Democracy and the Social Question
In a time of mounting challenges to democracy worldwide, scholars, politicians and citizens pay increasing attention to “the social question”. To fight the resurgence of authoritarianism and recreate confidence in democracy, it is not enough to support rule of law and elections. A stable democracy also requires economic security and social integration. It diminishes hostility between groups and increases toleration in society.
Still, many democratic theorists hesitate to include the social question in the concept of democracy. Haunted by the spectre of socialism, they argue that doing so undermines democracy: it satisfies material needs at the expense of political freedom, it confuses democracy with the ideological substance of politics and/or it reduces democracy to bureaucracy.
This monograph examines the underlying assumptions behind these arguments, and shows that they rely on an overly reductionist understanding of democracy; as ideational, procedural and discursive respectively. The central thrust is that by redefining democracy as a political lifeform (in Montesquieu’s sense of the term), it is possible to integrate the social question in the concept of democracy without falling prey to said dilemmas.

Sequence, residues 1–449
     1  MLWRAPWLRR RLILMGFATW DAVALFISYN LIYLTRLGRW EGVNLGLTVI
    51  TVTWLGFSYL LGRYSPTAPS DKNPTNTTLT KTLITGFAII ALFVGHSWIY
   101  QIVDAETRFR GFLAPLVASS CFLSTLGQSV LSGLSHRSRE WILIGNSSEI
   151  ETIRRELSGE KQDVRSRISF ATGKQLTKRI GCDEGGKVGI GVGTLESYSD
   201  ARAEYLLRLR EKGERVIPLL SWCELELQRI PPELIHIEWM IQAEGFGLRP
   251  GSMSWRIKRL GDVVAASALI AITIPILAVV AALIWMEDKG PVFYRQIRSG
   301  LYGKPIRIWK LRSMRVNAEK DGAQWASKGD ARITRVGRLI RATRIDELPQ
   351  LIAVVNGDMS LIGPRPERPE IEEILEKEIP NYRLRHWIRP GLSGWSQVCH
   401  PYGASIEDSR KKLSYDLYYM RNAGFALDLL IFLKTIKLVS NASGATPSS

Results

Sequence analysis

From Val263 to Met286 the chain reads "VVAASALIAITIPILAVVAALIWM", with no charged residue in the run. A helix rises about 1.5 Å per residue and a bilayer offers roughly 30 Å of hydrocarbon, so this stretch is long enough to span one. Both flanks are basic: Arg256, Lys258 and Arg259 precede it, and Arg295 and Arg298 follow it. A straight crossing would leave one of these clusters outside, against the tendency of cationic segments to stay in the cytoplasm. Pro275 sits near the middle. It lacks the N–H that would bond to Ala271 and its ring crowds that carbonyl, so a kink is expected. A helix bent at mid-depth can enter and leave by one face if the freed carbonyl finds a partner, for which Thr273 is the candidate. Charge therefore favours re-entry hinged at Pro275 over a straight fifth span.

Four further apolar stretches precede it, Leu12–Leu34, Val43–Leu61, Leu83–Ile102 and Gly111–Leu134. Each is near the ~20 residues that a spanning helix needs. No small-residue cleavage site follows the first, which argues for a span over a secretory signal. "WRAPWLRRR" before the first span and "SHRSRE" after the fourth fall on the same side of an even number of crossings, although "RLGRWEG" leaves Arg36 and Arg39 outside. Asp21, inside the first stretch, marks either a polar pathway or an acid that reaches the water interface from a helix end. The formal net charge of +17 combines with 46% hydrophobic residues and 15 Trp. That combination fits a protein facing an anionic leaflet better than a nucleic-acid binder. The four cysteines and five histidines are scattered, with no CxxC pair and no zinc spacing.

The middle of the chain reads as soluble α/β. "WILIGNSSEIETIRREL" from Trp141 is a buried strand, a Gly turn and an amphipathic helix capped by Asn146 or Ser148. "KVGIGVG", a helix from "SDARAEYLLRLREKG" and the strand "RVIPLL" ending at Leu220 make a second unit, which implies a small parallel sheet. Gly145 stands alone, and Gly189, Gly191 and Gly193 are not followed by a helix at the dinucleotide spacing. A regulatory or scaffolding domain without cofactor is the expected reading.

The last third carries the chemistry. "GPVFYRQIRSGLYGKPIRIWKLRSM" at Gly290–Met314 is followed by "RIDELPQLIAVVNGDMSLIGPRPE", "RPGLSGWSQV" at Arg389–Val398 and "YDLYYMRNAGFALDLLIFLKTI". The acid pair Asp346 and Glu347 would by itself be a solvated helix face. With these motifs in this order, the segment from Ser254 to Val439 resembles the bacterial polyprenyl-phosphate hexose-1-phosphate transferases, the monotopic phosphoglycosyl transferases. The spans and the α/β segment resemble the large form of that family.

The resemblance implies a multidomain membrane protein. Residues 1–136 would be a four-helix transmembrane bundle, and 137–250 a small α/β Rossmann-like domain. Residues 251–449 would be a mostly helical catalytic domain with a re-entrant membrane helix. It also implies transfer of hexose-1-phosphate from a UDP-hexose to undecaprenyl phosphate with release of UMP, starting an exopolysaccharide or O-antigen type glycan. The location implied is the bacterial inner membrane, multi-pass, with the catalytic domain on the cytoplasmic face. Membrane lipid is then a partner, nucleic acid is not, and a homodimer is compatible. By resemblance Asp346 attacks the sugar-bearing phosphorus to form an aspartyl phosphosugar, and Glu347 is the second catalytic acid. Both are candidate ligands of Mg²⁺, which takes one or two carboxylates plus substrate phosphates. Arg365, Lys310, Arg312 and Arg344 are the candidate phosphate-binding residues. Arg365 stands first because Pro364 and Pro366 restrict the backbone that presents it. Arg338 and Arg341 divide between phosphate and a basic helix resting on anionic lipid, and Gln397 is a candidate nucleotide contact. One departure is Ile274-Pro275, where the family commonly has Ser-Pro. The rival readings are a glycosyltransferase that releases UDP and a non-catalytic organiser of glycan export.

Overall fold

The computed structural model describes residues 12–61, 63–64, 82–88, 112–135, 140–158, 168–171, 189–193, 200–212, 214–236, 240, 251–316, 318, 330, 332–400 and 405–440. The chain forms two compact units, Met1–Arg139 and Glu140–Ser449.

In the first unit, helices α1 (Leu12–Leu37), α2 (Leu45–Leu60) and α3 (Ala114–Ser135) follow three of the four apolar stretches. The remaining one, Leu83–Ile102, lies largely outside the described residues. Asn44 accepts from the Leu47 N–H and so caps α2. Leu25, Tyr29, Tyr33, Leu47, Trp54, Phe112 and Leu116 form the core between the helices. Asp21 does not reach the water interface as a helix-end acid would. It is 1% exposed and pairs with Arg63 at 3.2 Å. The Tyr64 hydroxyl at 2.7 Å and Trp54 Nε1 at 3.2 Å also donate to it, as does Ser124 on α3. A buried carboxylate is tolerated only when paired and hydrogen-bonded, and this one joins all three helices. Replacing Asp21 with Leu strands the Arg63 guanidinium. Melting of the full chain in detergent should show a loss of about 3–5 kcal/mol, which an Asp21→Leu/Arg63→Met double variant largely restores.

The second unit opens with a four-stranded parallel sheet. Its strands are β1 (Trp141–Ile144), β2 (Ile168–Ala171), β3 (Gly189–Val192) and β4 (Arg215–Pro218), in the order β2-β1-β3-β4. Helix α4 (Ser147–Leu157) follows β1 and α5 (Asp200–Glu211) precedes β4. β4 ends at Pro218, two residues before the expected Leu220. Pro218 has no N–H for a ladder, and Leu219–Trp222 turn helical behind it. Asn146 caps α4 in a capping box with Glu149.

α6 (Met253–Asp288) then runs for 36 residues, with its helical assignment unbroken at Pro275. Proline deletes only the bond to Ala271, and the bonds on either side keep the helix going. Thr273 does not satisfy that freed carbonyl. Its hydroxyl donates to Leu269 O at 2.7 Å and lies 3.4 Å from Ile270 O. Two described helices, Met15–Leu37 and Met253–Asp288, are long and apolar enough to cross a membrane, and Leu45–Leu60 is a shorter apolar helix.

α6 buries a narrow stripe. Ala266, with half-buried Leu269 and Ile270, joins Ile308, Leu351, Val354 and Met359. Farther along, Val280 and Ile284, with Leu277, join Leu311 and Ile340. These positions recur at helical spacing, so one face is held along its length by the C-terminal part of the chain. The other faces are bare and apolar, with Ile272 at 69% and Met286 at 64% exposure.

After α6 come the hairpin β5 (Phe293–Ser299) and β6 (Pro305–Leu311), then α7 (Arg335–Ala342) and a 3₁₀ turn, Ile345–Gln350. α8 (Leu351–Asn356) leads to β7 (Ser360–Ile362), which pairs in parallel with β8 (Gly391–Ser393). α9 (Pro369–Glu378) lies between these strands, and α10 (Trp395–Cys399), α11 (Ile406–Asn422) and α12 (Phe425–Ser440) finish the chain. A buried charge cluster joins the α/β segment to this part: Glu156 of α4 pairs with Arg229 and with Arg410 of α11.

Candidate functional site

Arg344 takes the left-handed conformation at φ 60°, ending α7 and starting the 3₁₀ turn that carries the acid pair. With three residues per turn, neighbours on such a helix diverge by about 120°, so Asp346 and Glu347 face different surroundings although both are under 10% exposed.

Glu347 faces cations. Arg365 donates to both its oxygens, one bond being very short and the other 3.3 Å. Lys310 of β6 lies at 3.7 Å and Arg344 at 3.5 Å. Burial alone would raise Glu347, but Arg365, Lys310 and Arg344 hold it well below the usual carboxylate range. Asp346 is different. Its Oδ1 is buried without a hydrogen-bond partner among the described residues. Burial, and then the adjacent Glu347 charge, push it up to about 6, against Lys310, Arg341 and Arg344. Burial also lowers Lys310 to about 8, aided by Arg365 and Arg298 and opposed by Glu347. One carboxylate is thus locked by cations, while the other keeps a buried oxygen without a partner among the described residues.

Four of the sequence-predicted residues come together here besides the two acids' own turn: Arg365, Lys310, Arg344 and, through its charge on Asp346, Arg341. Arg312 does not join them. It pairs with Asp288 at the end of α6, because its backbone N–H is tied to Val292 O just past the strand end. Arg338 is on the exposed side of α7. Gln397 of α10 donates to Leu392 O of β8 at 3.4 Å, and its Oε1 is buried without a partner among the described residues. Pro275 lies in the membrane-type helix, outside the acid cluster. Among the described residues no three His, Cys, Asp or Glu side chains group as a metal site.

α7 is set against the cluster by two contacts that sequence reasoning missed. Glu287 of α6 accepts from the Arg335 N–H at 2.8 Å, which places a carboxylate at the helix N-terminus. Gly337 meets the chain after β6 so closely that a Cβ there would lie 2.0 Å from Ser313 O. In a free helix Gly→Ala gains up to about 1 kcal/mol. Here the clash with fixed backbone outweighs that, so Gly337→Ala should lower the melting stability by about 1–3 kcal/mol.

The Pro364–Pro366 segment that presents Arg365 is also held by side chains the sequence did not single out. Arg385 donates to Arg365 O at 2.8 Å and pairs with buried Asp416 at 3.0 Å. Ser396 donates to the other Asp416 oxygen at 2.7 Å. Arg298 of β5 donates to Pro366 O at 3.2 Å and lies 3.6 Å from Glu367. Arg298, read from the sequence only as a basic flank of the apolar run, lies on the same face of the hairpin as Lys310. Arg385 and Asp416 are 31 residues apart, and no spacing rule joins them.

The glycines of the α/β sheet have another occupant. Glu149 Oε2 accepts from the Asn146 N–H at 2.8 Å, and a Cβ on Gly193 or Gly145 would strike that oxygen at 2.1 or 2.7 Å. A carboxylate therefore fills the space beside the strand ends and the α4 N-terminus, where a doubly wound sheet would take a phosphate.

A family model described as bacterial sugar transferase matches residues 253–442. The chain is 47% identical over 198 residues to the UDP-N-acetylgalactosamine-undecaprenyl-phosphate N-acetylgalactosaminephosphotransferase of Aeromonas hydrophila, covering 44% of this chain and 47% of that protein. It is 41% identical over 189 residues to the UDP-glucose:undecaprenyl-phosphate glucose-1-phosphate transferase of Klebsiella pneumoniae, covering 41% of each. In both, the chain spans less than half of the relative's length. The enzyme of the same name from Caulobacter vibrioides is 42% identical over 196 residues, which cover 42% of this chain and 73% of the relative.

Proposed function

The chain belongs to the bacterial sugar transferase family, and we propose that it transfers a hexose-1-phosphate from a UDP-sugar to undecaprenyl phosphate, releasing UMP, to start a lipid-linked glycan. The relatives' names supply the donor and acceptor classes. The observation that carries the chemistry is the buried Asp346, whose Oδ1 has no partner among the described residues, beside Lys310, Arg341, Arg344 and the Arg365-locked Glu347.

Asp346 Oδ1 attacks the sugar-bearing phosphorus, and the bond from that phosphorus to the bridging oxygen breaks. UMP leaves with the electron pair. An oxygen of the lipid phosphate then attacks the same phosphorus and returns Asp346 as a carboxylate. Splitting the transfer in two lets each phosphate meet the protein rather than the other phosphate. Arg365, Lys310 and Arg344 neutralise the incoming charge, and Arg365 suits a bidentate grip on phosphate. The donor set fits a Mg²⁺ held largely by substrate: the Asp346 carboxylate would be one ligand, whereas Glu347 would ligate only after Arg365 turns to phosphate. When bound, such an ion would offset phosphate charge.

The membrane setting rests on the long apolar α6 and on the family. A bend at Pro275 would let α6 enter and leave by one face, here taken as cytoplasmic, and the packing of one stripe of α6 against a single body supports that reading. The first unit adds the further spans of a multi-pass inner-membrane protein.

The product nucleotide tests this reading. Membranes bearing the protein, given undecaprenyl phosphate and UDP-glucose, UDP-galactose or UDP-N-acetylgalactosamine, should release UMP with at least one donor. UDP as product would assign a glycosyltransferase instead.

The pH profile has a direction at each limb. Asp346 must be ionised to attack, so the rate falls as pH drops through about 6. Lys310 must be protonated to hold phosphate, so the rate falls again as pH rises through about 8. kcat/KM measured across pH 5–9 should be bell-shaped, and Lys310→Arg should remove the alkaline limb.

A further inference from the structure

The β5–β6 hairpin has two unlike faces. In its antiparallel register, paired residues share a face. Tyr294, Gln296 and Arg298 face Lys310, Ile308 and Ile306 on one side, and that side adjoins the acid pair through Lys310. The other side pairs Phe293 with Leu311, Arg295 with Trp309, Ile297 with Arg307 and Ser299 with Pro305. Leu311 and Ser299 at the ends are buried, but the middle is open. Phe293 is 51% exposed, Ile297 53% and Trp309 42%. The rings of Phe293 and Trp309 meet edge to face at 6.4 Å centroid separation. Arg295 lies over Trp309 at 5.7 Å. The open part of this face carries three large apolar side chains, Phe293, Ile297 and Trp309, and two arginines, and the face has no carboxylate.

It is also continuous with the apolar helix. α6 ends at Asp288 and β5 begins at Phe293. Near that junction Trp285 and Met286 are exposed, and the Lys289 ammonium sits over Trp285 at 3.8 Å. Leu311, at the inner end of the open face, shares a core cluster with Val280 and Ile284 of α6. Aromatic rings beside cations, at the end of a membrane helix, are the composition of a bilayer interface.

The renewed international interest in a social defense of democracy places this project at the forefront of existing research on the crisis of democracy. The intention is not only to offer new knowledge on the conceptual link between democracy and the social question, and so fill a lacuna in contemporary democratic theory. In a more general and long-term perspective, the book aims to contribute to better theoretical tools to understand and evaluate trends of democratic decline and renewal, including variation in democratic resilience.
Principal Investgator: Sofia Näsström
Funding: SEK 1 983 000 from Riksbankens Jubileumsfond